The core and binder is then sheathed (27) in a plastics extrusion head 26 using preferably low density polyethylene, although other plastics materials can be used according to requirements. The extrusion head is shown on line in FIG. 2 but it could be off line, that is to say a separate extrusion line can be provided.

In FIG. 2 the capstan is the main driving force for pulling the core through the apparatus.

We have found that the addition of the non-optical ribbon helps ensure that the wavy or undulating configuration of the optical ribbon is regular and uniform. In particular using a suitable filling medium such as SYNTEC 270S, it is found that the excess length of optical and non-optical ribbon can be easily and effectively induced using the capstan 9 with the filling medium already injected into the slot. We have found that it is important that the capstan is located relatively close to the fibre supply reel 3A. It is also important that the yield point of the thixotropic filling gel is low enough to enable the regular undulating configuration of the elements to be adopted within the gel 28 yet high enough to maintain the configuration in normal use of the cable.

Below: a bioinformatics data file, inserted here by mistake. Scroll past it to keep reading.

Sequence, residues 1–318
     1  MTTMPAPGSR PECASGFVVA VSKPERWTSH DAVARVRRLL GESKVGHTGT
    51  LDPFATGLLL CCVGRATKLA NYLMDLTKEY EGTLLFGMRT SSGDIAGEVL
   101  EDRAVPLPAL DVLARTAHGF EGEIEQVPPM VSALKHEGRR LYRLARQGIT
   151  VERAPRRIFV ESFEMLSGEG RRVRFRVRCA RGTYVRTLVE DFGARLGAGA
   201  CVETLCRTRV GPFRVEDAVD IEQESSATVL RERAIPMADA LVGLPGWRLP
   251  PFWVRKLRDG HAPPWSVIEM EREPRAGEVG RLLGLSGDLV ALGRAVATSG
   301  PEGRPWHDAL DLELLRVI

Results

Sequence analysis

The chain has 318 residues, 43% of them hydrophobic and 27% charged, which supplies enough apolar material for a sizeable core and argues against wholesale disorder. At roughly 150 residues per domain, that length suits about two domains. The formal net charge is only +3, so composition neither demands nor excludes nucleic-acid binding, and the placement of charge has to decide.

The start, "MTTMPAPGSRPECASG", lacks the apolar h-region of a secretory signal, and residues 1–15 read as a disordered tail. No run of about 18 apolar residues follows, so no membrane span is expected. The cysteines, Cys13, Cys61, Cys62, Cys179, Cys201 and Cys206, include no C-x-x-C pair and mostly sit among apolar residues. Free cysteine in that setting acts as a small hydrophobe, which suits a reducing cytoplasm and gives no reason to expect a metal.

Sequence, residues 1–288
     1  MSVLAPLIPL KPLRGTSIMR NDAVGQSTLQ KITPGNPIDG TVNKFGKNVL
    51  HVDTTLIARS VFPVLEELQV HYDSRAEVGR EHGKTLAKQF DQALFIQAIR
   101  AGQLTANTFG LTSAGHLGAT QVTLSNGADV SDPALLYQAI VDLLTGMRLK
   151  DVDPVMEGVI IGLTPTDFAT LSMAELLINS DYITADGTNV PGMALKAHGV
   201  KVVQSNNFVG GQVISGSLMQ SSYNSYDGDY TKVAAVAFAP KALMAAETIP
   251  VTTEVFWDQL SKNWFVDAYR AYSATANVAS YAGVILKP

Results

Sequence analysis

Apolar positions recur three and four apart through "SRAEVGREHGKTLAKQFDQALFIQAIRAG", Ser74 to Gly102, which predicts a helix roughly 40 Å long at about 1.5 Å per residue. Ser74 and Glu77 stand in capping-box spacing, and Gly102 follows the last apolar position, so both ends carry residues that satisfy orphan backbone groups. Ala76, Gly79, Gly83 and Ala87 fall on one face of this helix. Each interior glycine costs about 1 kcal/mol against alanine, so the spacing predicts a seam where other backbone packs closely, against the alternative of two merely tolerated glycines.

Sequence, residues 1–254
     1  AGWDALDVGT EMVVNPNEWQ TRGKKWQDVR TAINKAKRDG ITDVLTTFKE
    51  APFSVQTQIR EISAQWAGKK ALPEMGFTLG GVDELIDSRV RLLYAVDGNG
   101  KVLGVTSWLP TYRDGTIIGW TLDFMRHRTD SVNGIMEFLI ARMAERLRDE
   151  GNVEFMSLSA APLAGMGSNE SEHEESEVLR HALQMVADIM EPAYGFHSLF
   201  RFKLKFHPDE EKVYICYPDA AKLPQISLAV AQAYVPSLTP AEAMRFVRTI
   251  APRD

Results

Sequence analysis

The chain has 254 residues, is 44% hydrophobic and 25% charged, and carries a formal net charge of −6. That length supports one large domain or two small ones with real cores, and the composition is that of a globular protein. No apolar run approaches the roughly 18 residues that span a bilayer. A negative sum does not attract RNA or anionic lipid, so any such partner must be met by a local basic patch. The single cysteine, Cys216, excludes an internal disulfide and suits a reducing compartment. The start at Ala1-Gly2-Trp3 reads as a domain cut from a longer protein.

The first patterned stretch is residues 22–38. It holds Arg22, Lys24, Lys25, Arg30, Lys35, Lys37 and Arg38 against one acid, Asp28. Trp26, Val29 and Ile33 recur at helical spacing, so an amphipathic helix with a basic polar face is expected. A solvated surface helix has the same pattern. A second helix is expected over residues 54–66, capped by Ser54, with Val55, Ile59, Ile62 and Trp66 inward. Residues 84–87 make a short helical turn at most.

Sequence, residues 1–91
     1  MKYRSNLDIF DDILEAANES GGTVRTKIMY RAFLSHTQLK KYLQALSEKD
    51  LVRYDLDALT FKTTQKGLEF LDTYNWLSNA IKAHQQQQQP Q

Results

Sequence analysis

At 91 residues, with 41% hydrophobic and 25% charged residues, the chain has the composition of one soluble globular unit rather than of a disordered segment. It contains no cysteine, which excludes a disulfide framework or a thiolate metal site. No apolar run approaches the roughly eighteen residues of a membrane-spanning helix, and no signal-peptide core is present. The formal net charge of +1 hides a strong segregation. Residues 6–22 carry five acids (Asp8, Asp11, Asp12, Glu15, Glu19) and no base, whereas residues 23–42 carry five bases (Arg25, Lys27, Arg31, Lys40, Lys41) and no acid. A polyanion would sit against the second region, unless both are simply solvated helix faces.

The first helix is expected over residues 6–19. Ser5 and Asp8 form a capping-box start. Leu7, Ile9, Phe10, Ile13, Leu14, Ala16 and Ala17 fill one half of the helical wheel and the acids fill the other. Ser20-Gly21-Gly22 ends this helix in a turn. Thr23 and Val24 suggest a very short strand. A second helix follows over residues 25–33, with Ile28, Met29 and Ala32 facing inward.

The filling medium 28 is forced into the slot 2 in head 11 at a pressure in the range 0.1 to 0.2 p.s.i. as measured in the head 11.